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Old 07-14-2018, 02:16 PM   #1 (permalink)
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Can You Guess These Surprising Energy Trends?

Your electric car is only as clean as its power supply. If we are not supplying all of an EV's power from a home solar array, this ought to be of interest. Here is a clever and informative NYT article on trends in energy production since 2007:

https://www.nytimes.com/interactive/...ol-left-region

I got all three correct and I bet you all will, too.

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Old 07-14-2018, 02:47 PM   #2 (permalink)
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Quote:
Originally Posted by California98Civic View Post
Your electric car is only as clean as its power supply. If we are not supplying all of an EV's power from a home solar array, this ought to be of interest. Here is a clever and informative NYT article on trends in energy production since 2007:

https://www.nytimes.com/interactive/...ol-left-region

I got all three correct and I bet you all will, too.
Well, the questions lead people to the correct answers. I was still off by orders of magnitude even though I was "correct".

While the NYT article still felt obligated to take a jab at conservatives and defend Obama, it was much more restrained than I had anticipated.

At any rate, adopting renewables into the grid is relatively easy and affordable when they amount to only 20% or less of total power. Once you start getting above that amount, it gets significantly more difficult and expensive to stabilize a grid that is increasingly relying on intermittent and variable renewable energy.

Show me a utility with reasonable energy prices that has 40% or more energy coming from wind and/or solar and I'll eat my hat.

As with most issues, both extremes of the political spectrum make errors in reasoning. The extreme right might say there is no AGW, or that renewables aren't feasible at all, and the extreme left might say we're all going to die due to AGW, and that we could easily implement 100% renewable energy sources if Big Oil weren't so powerful.

I'm sure the truth lies somewhere between the extremes. The fact that we're neither 100% renewable, or 100% non-renewable seems to support this middle of the road opinion.
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Old 07-14-2018, 08:16 PM   #3 (permalink)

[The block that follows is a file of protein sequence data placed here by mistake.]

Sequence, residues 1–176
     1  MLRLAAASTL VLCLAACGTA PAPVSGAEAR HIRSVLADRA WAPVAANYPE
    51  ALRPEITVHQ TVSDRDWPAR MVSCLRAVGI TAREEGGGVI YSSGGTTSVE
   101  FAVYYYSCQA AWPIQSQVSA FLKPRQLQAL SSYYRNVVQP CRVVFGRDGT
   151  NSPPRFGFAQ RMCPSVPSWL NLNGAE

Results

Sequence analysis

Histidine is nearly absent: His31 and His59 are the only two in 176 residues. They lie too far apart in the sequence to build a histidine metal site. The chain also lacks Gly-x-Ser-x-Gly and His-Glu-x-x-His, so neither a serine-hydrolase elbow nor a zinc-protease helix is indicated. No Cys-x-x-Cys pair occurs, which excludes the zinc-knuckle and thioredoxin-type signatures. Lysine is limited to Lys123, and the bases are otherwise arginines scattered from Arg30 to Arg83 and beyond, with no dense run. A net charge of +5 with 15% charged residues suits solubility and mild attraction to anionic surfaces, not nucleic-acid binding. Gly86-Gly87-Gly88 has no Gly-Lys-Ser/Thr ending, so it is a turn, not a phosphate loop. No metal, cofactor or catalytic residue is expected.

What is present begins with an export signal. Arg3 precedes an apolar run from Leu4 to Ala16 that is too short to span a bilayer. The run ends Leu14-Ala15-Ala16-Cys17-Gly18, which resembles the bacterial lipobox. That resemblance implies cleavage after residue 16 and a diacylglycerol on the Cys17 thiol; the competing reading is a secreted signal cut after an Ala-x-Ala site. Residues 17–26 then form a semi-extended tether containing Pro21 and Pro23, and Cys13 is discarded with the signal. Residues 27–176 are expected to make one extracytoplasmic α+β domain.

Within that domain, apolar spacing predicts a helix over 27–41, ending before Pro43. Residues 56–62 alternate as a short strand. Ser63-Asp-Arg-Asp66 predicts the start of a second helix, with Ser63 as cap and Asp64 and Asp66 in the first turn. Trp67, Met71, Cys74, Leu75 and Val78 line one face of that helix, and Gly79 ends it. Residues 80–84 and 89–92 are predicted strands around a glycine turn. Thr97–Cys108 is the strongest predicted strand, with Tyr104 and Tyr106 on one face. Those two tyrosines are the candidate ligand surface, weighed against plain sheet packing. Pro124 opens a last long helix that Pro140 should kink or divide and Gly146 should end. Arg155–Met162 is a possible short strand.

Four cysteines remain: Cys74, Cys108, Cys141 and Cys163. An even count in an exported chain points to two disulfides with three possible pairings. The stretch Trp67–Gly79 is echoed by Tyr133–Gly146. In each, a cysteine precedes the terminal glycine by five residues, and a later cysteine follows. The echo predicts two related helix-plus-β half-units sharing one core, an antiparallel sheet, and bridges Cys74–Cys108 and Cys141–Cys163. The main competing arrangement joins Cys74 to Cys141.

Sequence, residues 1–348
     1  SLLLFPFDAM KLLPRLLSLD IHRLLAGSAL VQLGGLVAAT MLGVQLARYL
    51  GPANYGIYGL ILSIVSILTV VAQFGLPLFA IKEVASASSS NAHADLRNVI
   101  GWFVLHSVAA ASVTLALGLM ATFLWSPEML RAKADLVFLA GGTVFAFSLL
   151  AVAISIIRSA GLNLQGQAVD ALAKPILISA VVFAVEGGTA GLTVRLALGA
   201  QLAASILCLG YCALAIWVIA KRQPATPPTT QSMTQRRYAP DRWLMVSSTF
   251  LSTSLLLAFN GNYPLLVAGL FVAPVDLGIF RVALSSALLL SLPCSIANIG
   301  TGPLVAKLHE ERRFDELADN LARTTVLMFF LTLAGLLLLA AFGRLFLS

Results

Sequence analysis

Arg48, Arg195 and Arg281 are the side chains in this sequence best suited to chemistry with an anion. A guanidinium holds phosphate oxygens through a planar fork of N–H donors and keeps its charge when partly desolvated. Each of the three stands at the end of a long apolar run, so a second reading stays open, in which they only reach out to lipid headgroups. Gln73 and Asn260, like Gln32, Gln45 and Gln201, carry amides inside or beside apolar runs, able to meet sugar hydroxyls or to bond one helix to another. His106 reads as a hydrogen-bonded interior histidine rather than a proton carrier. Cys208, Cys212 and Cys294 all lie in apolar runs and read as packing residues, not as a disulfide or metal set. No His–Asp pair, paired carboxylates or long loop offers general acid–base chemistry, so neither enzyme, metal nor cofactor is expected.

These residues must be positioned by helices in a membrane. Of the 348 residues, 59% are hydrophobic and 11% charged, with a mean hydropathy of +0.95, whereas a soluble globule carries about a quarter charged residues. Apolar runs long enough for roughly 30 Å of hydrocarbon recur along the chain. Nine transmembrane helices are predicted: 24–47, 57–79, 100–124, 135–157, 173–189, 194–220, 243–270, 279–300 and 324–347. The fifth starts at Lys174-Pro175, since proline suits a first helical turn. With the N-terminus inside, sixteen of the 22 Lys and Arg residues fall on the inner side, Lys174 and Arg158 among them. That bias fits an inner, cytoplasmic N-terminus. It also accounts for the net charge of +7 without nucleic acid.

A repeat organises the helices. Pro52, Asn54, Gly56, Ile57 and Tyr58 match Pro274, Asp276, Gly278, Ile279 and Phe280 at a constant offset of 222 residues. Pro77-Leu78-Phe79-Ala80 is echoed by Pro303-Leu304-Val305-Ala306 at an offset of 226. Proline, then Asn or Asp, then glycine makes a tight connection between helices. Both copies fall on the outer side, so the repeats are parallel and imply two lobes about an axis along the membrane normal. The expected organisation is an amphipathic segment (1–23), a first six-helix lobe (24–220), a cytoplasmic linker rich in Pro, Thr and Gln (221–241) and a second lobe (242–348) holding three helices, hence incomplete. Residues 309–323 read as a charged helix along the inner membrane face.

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I really don't care as long as my electrical power is cheap.
I only have an associates degree in applied science for wind and solar power generation, also power plant opps so I doubt that someone reporter with an English major (a great indicationthat they couldnot pass a higher math to save their life) is going to tell me something that I am not already intimately well aware of.
Any article you see written by a reporter on renewable power is guaranteed to be at least one third BS.usually they are more like 70% to 90% BS, with the reminder being almost all pipe dream.

The US is now exporting more oil than impoted and natural gas has replaced coals energy market share thanks to hydraulic fracturing and to spite the best efforts of the Obama administration.
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Old 07-14-2018, 09:12 PM   #4 (permalink)
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Quote:
Originally Posted by oil pan 4 View Post
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Any article you see written by a reporter is guaranteed to be at least one third BS.usually they are more like 70% to 90% BS, with the reminder being almost all pipe dream.
The part that makes me sad is the fact that this is often true of technical and scientific journals also. Many authors simply try to push their own agenda and research for economic reasons. Usually these agendas have to do with giant corporations being behind the study and paying off the author to make data fit the company's view of the world. I don't have a problem with someone making a buck as long as they are doing it honestly.

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Old 07-15-2018, 03:49 AM   #5 (permalink)
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Quote:
Originally Posted by redpoint5 View Post
At any rate, adopting renewables into the grid is relatively easy and affordable when they amount to only 20% or less of total power. Once you start getting above that amount, it gets significantly more difficult and expensive to stabilize a grid that is increasingly relying on intermittent and variable renewable energy.
That's a good point, and might also justify me believing the ICE will remain relevant in a foreseeable future, as long as it can work with different options of alternate fuels integrated instead of singling out just a few.

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